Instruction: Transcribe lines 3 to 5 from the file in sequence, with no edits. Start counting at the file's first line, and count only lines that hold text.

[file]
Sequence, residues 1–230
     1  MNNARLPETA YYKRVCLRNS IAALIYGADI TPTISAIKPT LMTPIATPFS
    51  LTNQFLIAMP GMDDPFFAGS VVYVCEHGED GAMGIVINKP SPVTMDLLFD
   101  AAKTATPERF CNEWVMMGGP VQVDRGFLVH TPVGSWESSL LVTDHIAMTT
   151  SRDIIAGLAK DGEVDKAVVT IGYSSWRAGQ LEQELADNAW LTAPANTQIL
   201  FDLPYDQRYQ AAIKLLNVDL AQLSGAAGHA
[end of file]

    51  LTNQFLIAMP GMDDPFFAGS VVYVCEHGED GAMGIVINKP SPVTMDLLFD
   101  AAKTATPERF CNEWVMMGGP VQVDRGFLVH TPVGSWESSL LVTDHIAMTT
   151  SRDIIAGLAK DGEVDKAVVT IGYSSWRAGQ LEQELADNAW LTAPANTQIL